Case study: Forages scorecarding to evaluate quality – Dr. Michelle Windle, Vita Plus
The winter months often offer a time to reflect on the past year’s work, including the forages program. To assist with that review, Vita Plus has developed a forage scorecard to help highlight areas of your forages program where you excel and areas for improvement.
The forages scorecard grades a bunker or bag based on five different areas:
- Stability data based on silage temperature, loose feed temperature and surface spoilage
- Fermentation based on moisture content and laboratory fermentation profile
- Density based on density probing
- Feedout rate based on the speed you go through the pile or bag, how often the face is shaved, and the amount of loose feed present at the time of scoring
- Processing score (for corn silage) or harvest (for haylage) which includes ash-free NDF (aNDFom) and ash
As with almost everything in the dairy industry, you will get the most value out of this program by including the correct people in the discussion of the results.
I once scored a moderately-sized corn silage pile on a 350-cow dairy. When I presented the results of the scorecard to the team, we had the right people present at the meeting. The discussion included the family who owned the farm along with the custom harvester and feed person. We found two main areas for improvement:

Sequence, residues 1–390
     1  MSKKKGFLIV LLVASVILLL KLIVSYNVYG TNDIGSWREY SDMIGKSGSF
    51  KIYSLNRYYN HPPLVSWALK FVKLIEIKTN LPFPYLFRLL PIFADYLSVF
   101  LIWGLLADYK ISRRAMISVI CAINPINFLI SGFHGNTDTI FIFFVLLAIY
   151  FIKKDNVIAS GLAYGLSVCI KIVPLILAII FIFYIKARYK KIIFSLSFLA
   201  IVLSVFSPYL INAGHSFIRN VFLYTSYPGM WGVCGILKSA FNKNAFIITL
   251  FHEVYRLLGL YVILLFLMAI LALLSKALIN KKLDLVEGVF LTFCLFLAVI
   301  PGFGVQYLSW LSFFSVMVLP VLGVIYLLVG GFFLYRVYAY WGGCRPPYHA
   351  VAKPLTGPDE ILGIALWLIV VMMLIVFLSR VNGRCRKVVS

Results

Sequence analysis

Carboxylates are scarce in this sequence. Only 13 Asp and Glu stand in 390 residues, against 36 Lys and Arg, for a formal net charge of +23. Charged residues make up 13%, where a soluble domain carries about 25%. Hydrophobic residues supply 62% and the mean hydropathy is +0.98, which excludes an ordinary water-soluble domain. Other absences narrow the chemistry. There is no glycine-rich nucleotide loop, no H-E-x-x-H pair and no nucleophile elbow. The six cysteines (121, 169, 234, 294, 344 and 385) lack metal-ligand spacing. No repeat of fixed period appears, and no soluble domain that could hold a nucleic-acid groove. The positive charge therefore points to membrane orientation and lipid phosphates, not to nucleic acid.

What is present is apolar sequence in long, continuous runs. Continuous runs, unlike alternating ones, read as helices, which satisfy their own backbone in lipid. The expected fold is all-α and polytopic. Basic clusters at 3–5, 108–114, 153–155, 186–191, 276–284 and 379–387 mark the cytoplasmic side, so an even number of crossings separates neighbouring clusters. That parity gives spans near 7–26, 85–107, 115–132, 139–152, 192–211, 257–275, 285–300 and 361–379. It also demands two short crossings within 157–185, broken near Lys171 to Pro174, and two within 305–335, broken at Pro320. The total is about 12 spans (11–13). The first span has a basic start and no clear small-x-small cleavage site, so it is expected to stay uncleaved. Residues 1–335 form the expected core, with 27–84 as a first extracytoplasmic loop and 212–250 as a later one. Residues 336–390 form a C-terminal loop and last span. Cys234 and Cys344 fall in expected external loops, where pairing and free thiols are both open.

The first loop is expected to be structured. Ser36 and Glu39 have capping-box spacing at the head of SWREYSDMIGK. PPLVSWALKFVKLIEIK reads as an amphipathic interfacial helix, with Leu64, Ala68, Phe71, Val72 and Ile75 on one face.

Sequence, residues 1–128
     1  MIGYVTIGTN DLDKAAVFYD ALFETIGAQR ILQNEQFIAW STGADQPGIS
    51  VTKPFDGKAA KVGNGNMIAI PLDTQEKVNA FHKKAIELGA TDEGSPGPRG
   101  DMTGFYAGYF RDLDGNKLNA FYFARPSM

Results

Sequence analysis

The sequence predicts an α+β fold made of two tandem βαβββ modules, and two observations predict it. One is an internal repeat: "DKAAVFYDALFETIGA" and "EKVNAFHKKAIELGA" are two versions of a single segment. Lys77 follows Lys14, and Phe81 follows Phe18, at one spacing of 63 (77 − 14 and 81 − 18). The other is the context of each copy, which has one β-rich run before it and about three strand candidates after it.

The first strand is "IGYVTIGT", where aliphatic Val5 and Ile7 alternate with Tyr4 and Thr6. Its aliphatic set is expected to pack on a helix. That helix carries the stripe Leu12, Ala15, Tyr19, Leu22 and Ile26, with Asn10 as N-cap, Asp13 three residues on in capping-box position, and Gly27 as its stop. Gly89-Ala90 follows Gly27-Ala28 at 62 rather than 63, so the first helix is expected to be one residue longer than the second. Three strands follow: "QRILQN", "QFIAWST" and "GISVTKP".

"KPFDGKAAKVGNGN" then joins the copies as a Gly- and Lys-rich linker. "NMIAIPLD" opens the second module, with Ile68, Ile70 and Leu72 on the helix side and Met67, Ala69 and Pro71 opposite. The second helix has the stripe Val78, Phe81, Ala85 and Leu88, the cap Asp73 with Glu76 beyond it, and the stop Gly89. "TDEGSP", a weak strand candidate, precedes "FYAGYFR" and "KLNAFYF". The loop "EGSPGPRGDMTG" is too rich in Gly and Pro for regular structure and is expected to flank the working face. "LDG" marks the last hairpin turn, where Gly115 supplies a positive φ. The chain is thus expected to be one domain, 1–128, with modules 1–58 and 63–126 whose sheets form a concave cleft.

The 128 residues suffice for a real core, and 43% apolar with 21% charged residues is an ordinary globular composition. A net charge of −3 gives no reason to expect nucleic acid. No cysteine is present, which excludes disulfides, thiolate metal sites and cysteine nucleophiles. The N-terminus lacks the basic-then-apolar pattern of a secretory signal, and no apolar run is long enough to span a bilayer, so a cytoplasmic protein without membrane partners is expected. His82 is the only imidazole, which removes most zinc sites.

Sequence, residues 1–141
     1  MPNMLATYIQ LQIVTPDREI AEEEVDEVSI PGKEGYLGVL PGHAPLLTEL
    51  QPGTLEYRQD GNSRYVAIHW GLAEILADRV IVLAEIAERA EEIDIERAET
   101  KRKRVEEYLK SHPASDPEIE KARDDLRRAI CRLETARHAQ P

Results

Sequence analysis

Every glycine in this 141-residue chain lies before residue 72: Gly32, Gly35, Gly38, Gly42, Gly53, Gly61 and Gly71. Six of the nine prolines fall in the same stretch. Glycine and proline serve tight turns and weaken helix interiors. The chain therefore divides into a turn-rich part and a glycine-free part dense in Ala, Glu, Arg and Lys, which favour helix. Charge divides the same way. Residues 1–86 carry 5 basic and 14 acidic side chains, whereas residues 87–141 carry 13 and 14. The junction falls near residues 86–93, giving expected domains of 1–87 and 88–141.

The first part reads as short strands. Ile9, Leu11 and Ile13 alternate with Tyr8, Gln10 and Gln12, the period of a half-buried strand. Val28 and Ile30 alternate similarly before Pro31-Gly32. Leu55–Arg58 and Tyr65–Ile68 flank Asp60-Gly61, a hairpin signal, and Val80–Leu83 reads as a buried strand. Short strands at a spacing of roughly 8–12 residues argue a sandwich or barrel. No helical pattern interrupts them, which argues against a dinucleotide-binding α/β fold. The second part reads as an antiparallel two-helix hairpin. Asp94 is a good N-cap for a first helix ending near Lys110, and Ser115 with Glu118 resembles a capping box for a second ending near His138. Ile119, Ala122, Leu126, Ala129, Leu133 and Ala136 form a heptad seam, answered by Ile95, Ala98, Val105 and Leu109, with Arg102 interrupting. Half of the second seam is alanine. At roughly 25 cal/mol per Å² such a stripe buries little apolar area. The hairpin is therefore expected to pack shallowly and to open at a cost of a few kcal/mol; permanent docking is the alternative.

- First, the feed person was not using the facer, which resulted in high feed temperatures. Having the feed person present at the meeting allowed us to discuss the value of using a facer. I returned a week later and was happy to find the face of the pile was much cleaner and the feed temperatures were much cooler, indicating less spoilage, yeast growth, and dry matter (DM) losses.
- Second, the DM density was 13 pounds per cubic foot. An ideal packing density is at least 17 pounds per cubic foot. Fortunately, with the custom harvester there, we could determine, from the weight of the pack tractor and the speed of the loads coming off the field, that the pile required more weight on it and they made the decision to add a second pack tractor to the pile. When I returned to score the new corn silage pile the next year, the packing density was 21 pounds per cubic foot. Consulting the graph below from Ruppel (1992), which compares packing density to DM losses, we realized the estimated DM losses, on average, went from roughly 18 to 9 percent. This meant the farm had 9 percent more inventory, or roughly an extra month of silage, which helped pay for the cost of the extra tractor.
It can be intimidating to look at a forages program objectively and try to identify the main areas of improvement and the economic impacts of those decisions. The forages scorecard, in combination with knowledgeable staff to interpret the results, can help overcome these hurdles.
Contact your Vita Plus consultant if you are interested in learning how a forages scorecard can improve your farm’s efficiency and productivity.
Forage storage and management
Technology and data management